In 1630 Dom Constantino de Sá, under pressure from the Viceroy, decided to undertake an expedition against the King Senarat’s capital at Badulla. On 9 August 1630 a small Portuguese army of 400 Portuguese soldiers, 200 Portuguese Casados (married men of the reserve army), and about 4400 Lascarins began the march from Sabaragamwa (near Ratnapura) to Uva across Ceylon’s jungles. On 18 August 1630 the Portuguese entered Badulla, which was found deserted, and sacked and burned the town down for two days. On 21 August 1630 the Portuguese began the march to return to Colombo, but were attacked by the Singhalese army. Most of the Lascarins betrayed – only 500 remained loyal – and joined the enemy. For the Singhalese this was an overwhelming victory: of the Portuguese expedition only 130 men survived and surrendered. This defeat placed Portuguese Ceylon in danger. If the Singhalese had the means of blockading Colombo by sea, the complete destruction of Portuguese power in Ceylon would have been assured. After this victory King Senarat captured the fort of Saparagamuwa and set Colombo under siege. But after three months of siege the Singhalese army was forced to withdraw.

To be continued: The war against the Dutch

LEGEND

  • Red: Dutch territory
  • Yellow: transitory Dutch conquest 1765-1766.
  • Green: Portuguese territory
Map of Trincomalee by Antonio Bocarro (1635). Livro das Plantas de todas as fortalezas, cidades e povoaçoens do Estado da Índia Oriental (1635)

Map of Trincomalee by Antonio Bocarro (1635). Livro das Plantas de todas as fortalezas, cidades e povoaçoens do Estado da Índia Oriental (1635)

THE PORTUGUESE GOVERNORS OF CEYLON (Capitão Geral)

Pero Lopes de SOUSA 1594

Dom Jerònimo de AZEVEDO 1594 – 1611

Dom Francisco de MENESES 1611 – 1614

Manuel Homem MASCARENHAS 1614 – 1616

Dom Nuno Alvares PEREIRA 1616 – 1618

Dom Costantino de SA’ e MENENES de NORONHA (first term) 1618 – 1620

Jorge de ALBUQUERQUE 1620 – 1623

Dom Costantino de SA e MENESES de NORONHA (second term) 1623 – 1630

Dom Felipe MASCARENHAS (first term) 1630 – 1631

Dom Jorge de ALMEIDA (first term) 1631 – 1633

Diogo de MELO de CASTRO (first term) 1633 – 1635

Dom Jorge de ALMEIDA (second term) 1635 – 1636

Diogo de MELO de CASTRO (second term) 1636 – 1638

Dom Antonio MASCARENHAS 1638 – 1640

Dom Felipe MASCARENHAS (second term) 1640 – 1645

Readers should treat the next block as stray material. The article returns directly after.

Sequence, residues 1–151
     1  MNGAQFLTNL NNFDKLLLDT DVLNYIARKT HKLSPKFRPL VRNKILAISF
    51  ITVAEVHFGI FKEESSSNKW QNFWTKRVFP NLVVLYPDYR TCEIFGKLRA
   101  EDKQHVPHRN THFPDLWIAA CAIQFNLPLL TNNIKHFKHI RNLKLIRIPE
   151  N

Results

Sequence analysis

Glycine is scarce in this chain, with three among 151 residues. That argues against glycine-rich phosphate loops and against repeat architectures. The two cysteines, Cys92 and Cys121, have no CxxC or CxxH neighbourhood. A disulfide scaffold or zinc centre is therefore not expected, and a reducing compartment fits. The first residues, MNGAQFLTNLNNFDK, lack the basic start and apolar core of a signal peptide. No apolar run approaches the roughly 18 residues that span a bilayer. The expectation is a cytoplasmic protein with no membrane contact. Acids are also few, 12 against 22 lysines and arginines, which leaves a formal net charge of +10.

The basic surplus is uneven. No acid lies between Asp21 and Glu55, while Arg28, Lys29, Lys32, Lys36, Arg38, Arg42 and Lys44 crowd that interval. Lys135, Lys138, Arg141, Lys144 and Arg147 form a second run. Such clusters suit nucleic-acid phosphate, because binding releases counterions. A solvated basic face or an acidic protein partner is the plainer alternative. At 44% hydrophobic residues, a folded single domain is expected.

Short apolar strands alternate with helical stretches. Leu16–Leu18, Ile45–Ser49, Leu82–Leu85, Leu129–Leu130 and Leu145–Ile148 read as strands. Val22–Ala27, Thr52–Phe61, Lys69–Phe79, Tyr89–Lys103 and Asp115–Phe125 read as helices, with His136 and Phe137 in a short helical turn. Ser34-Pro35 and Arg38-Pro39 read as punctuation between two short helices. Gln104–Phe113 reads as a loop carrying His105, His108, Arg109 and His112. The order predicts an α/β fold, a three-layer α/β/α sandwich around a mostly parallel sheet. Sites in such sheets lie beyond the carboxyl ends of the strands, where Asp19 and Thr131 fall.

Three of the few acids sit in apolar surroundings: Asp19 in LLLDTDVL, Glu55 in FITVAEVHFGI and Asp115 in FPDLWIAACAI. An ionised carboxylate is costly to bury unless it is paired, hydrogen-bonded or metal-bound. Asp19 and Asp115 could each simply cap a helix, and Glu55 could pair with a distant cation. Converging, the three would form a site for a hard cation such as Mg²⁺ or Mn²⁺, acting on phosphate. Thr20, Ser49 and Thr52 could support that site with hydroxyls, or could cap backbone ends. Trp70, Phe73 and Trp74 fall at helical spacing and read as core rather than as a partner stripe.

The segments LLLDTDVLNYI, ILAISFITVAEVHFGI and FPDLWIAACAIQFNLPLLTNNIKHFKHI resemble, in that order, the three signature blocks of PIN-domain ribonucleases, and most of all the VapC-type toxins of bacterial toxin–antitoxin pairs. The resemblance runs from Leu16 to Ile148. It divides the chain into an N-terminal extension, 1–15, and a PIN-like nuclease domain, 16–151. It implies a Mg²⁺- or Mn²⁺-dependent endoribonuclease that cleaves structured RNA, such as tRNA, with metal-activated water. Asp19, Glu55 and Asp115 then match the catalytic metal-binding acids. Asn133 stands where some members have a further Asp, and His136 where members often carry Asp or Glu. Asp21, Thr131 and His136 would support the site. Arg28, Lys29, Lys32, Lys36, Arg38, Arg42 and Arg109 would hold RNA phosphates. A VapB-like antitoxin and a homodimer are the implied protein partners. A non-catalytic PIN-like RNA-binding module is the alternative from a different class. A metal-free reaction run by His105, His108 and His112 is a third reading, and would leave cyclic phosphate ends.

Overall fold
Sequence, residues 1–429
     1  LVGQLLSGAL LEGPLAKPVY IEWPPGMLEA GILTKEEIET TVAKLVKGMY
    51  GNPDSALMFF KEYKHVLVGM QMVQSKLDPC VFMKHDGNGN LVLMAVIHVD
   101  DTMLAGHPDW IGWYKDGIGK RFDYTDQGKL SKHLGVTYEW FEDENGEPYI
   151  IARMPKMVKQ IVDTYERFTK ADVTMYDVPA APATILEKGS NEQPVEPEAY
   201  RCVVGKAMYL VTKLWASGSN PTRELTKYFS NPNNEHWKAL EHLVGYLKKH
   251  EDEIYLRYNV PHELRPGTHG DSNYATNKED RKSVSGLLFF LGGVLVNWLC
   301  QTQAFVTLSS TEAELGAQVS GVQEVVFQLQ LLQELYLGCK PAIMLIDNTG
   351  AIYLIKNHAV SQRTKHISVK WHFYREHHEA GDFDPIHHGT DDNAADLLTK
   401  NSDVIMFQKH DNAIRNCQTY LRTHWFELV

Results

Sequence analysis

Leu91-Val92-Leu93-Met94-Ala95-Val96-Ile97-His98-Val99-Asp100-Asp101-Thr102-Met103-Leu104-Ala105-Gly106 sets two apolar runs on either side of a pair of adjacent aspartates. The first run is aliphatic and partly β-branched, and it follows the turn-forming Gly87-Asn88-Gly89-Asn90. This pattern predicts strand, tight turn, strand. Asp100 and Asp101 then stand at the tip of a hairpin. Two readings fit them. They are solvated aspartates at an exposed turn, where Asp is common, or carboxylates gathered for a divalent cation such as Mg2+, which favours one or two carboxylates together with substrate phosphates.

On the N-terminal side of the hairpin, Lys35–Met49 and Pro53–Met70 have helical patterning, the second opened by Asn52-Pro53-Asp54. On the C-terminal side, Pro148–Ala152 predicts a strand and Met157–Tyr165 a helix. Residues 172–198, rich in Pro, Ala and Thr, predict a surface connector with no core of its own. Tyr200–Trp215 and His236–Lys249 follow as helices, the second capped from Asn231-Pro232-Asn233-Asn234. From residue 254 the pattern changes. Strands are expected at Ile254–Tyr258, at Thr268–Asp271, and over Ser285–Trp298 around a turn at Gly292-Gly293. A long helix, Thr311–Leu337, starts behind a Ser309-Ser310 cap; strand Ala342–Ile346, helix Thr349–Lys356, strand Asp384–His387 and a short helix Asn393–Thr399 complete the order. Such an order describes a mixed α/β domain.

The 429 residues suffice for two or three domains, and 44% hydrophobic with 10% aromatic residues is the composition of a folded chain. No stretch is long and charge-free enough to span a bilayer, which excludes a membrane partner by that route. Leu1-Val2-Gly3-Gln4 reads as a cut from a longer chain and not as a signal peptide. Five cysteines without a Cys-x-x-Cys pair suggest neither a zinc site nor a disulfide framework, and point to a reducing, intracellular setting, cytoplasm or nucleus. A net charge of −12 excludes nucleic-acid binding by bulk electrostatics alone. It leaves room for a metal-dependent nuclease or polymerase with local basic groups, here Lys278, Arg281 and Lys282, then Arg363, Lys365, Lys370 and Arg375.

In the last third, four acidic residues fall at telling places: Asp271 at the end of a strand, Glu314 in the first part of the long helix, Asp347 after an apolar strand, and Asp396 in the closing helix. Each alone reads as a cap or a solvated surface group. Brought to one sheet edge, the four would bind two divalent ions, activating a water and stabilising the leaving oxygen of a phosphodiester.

Manuel Mascarenas HOMEM 1645 – 1653

Francisco de MELO de CASTRO 1653 – 1655

Antonio de Sousa COUTINHO 1655 – 1656

BIBLIOGRAPHY:

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– Pieris, P. E. “The Kingdom of Jaffnapatam, 1645” 67 pp. 1920 An account of its Administration Organisation as derived from the Portuguese Archives.

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– Quéré, Martin, “Christianity in Sri Lanka under the Portuguese padroado, 1597-1658” xii, 298 pp. maps Colombo Catholic Press, 1995, Colombo, Sri Lanka.

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– Ribeiro “The historic tragedy of the island of Ceylon” 266 pp. Asian Educational Services, 1999, New Delhi-Madras, India.

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– Silva , Ch. R. de “The Portuguese impact on the production and trade in Sri Lanka cinnamon in: Asia in the Sixteenth and Seventeenth Centuries” In: “An Expanding World” Vol. n° 11; Pearson, M. N. “Spice in the Indian Ocean world” Ashgate Variorum, vol. n° 11, 1996; pp. 245-258 In: Indica, Vol. 26, N° 1, March 1989, pp. 25-38

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– Trindade, Paulo da, “Conquista Espiritual do Oriente, em que se dá relação de algumas cousas mais notáveis que fizeram os frades menores da santa província de S. Tomé da Índia Oriental” Chapters 1 to 56 of vol. III are about Ceylon history. The chapters on Ceylon were translated by E. Peiris and A. Meersman “Early Christianity in Ceylon: Chapters on Introduction of Christianity to Ceylon” 1972, Chilaw, Ceylon.

– Winius,G. D. “Fatal history of Portuguese Ceylon: transition to Dutch rule” 215 pp. 2 maps Harvard University Press 1971 Cambridge, Massachusetts USA From: “The Fall of Portuguese Ceylon 1638-1656: military, diplomatic and political aspects in the decline of an empire” 242 pp. Ph. D. Thesis Columbia University, 1964